November 2015

Posted by on 15 November 2015 | Comments

 

In my last blog I discussed some of the comments made in response to Revbox erg online reviews.  The idea of my blogs is raise awareness and educate the masses on Why the Revbox Erg? as plenty of people have an opinion on the merits or otherwise of the Rev’, but also many people don’t actually understand the benefit found between the Rev’ and high inertia trainers.  

 In addition to discussing why as a coach I recommend the use of the Rev’, importantly I’ll highlight for who it is best suited and for what type of training it is most suitable.  In a nutshell I believe all cyclists can benefit from using its technology, even non-cyclists, but it does require a shift in mentality.

 Back to the fundamental reason I recommend the use of the Rev’ - it makes you pedal through the whole stroke - meaning greater neurological control and subsequently better blood flow and oxygen supply (this is currently being tested at aCleveland University in Ohio, USA).  

 Who do I recommend this too?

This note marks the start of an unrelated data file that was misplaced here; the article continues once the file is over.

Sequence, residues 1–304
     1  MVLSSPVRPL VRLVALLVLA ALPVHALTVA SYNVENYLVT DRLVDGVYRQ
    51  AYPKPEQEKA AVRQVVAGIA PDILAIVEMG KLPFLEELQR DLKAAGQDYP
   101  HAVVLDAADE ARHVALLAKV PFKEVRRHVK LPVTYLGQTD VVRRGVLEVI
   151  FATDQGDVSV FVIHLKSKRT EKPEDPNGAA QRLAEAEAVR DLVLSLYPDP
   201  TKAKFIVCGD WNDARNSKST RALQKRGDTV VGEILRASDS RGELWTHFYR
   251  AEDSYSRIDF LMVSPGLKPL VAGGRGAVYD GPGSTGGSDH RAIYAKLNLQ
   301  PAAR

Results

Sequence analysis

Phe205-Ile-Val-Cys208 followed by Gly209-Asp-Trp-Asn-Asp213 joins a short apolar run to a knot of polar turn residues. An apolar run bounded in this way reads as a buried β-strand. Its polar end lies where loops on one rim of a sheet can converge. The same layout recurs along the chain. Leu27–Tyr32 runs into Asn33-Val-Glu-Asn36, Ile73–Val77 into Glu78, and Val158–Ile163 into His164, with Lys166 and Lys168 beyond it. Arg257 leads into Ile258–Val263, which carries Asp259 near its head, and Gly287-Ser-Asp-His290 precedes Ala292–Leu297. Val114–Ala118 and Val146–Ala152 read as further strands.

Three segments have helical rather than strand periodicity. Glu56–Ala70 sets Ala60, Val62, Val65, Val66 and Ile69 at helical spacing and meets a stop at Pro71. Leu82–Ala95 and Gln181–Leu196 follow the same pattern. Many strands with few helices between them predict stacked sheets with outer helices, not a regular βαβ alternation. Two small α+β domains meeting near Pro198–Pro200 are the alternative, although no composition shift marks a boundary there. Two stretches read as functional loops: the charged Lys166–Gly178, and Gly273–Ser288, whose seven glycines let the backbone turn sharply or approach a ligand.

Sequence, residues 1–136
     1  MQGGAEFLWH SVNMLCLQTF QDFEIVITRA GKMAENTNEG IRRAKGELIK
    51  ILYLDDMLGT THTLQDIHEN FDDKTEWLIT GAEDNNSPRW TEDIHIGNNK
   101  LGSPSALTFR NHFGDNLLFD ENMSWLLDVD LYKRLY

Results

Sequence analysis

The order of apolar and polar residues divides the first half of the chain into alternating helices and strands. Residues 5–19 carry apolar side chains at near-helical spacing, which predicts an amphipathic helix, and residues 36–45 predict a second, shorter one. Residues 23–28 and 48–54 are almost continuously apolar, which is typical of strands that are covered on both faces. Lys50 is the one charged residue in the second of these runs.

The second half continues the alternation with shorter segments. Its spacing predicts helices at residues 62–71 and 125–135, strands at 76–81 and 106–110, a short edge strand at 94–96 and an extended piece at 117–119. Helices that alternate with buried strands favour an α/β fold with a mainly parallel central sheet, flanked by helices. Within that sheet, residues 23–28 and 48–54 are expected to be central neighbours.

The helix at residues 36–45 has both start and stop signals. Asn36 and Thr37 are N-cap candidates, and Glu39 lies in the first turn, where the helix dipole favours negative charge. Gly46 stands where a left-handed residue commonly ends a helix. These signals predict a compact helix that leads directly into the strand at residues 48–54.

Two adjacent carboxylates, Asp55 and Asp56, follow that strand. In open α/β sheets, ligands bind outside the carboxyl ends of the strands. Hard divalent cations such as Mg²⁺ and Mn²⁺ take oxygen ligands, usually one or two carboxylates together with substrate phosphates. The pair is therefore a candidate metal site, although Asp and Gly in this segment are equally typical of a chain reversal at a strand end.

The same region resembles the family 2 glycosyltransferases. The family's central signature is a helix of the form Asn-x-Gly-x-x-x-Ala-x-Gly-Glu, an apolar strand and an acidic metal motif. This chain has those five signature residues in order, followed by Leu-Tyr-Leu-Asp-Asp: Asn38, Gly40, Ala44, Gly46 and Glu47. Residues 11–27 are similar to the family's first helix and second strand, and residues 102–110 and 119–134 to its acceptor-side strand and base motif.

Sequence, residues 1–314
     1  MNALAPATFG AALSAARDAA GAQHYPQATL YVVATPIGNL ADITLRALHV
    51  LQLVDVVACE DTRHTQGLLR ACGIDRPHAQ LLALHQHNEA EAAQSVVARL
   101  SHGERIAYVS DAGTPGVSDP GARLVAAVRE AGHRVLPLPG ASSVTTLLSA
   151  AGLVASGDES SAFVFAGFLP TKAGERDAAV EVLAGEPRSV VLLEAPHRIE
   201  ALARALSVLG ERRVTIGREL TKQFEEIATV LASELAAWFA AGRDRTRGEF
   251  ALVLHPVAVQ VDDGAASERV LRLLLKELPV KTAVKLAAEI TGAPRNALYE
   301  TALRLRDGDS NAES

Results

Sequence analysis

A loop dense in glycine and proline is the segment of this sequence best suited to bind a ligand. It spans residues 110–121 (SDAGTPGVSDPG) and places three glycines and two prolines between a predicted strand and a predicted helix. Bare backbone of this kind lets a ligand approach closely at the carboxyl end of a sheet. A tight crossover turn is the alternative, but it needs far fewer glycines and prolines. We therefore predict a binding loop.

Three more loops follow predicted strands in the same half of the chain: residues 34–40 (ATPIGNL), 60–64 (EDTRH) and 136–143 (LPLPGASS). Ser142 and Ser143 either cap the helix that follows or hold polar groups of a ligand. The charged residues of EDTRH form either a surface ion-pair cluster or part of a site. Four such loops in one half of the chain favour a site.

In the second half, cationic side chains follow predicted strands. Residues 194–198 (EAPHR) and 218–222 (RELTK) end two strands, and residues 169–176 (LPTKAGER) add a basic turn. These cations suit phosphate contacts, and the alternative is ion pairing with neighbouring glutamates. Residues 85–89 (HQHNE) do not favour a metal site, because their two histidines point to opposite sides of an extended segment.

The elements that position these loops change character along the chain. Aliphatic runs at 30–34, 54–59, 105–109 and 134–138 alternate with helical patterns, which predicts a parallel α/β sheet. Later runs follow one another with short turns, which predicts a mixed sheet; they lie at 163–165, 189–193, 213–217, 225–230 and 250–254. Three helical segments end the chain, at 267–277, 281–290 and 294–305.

serious cyclist.jpeg

recreational cyclist.jpeg

non cyclist.jpeg

 This covers nearly all of those who ride (and don’t ride!) a bike right?!  Pretty much. This is of course who I recommend it to, but this also comes with the caveat - a change in your mentality to the physical strain you will experience unique to the Rev’.  In essence it’s harder to jump on the Rev’ when you’re not feeling like a box of fluffies, because it makes you work harder. I am the first to admit the Revbox is a hard sell to a Lemond erg user who is used to the resistance, (or lack of) they receive from their trainer. It is hard for this cyclist to look at a recovery ride on the Rev’ as being anything but!

 A practical step for these cyclists to overcome this aversion is to only do their training on the Rev’ with the hard rides/interval sessions, over time progressing to easier sessions. When doing an interval session, recovery intervals will also need to be longer and at an easier wattage (but not lower heart rate or perceived effort). Likewise work intervals (when you’re doing the hard part) may be shorter and at a lower wattage. This approach should work two fold:

  So for you cyclists or non cyclists, on and off the road, injured or not - happy training.

CoachPaul

 

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